Pronounced ran-UN-kew-lus. The Latin name ranunculus means "little frog". They originated in the The Middle East, hence their alternative name "Turban Buttercup".
The intricate flowers of Ranunculus create a spectacular display, especially when grown en masse. Many spring flowers provide color, but the palette is mostly limited to blue, yellow, or muted tones of other shades. This cannot be said of the ranunculus, they have a wonderful array of colors, yellow, white, red, pink, orange, and and copper, either peony flowered or open flowered, with dark or yellow centers.
Ranunculus belong to the Buttercup family (Ranunculaceae) and is the cultured cousin of the Marsh Marigold. They are derived from a species native to southwest Asia and southeast Europe, where summers are dry and hot but springs are cool and moist. They flower in winter and spring.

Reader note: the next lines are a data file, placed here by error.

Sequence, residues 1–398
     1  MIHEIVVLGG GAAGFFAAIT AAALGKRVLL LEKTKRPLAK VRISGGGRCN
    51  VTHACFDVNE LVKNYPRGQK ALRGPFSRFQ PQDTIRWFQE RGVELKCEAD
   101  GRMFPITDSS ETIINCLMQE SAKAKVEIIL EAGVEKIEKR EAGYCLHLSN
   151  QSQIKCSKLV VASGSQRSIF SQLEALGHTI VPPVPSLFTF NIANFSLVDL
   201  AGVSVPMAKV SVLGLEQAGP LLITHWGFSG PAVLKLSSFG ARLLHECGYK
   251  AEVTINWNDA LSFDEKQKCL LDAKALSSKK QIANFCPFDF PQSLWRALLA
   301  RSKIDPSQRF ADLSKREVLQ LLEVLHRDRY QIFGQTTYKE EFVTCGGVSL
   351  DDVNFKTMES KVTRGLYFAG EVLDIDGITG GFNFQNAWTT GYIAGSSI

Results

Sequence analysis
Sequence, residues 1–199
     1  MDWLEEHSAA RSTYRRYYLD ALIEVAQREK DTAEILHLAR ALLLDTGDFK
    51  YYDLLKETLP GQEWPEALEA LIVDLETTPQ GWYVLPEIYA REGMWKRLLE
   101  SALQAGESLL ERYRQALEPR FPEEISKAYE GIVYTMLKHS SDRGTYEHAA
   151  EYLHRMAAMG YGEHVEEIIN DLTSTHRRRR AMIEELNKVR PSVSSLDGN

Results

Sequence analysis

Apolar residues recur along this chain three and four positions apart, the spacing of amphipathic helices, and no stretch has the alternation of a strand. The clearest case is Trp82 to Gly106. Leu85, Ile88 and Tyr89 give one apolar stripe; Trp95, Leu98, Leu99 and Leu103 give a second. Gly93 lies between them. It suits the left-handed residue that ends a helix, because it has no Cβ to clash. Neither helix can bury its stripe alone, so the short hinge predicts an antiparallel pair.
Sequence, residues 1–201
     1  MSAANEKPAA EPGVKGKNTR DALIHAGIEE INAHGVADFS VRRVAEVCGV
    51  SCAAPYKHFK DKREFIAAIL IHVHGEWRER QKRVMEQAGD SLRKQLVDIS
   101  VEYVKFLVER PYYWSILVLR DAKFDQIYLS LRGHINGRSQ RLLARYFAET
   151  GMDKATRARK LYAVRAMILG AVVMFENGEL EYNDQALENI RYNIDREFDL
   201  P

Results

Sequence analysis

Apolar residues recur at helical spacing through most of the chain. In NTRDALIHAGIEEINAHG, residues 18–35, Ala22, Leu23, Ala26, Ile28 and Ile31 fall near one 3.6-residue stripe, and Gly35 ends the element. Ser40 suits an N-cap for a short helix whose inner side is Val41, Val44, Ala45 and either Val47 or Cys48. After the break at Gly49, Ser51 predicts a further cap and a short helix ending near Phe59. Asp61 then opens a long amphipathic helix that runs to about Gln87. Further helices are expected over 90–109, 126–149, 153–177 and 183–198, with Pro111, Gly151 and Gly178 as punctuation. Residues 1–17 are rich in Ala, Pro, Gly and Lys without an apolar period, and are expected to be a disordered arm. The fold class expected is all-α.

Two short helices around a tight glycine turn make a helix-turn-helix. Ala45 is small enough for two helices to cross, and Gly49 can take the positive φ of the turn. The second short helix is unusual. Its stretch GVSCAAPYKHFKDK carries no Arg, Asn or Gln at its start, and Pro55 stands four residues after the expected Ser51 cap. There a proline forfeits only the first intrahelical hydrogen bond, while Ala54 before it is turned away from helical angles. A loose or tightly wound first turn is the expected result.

In fairy tales frogs are apt to change into princes and it was an Asian prince in just such a story who gave his name to this flower, which grows naturally in swampy ground. The prince was so good-looking that he was loved by everyone. He also had a beautiful voice but this was his undoing. He loved the open country and sang delightful songs in the presence of nymphs. He did not have the courage to declare his love to them and this haunted him so much that he died. After his death he was changed into the flower with delicate tissue petals which bears his name.
The ranuculus meant "you are rich in attractions" to the Victorians.